Adding a bookshelf to the landing is really a game-changer. It’s just the right size and will help turn the landing into a place to linger rather and a space to just pass through.[Edit from Amy: The landing is Lucy’s new favorite place to play.]
Throughout this whole process we have also been staining and finishing the treads so that they will be ready to go when we are done with the rest of the carpentry. Oh – and you can also see in the picture below the porch ceiling beadboard that we refinished and that is now awaiting installation.
I had to remove the 2×4 treads pretty early in the project, which has made going up and down the stairs a little more of a challenge. At first, walking up the stringers to get upstairs was kind of novel and fun, but now it’s just annoying for everyone.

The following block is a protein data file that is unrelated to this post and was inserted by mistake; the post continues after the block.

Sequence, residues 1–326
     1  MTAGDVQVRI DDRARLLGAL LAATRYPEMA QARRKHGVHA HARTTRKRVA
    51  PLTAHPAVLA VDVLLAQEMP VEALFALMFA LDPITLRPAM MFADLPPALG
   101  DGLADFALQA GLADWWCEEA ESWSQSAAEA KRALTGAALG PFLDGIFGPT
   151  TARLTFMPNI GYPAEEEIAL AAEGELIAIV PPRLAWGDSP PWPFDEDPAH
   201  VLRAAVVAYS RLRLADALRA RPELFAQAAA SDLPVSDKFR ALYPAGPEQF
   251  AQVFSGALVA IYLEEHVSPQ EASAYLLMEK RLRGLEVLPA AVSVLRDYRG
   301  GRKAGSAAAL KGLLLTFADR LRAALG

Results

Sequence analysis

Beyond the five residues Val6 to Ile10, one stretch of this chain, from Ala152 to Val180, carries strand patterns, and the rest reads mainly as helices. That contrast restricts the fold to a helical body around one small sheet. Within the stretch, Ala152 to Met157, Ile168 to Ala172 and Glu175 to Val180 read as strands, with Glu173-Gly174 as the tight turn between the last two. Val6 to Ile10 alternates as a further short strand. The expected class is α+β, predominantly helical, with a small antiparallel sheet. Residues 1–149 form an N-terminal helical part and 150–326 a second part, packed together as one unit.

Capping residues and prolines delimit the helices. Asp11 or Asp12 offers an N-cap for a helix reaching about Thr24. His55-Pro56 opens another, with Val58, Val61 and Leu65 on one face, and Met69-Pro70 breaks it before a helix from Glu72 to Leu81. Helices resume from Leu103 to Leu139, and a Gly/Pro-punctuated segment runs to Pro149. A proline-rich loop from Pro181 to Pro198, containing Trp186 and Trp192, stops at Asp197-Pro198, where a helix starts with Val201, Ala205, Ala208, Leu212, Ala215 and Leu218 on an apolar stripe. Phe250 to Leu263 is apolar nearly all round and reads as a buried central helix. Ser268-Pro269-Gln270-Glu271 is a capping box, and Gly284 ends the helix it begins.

In fact, our cat had a little mishap and ended up sliding down the drywall! She refused to go upstairs for a while after that, until we got the risers installed.
Up next, priming, painting, and putting everything together!
Stay safe, everyone. We hope you are finding ways to use this unexpected time quarantined in your homes.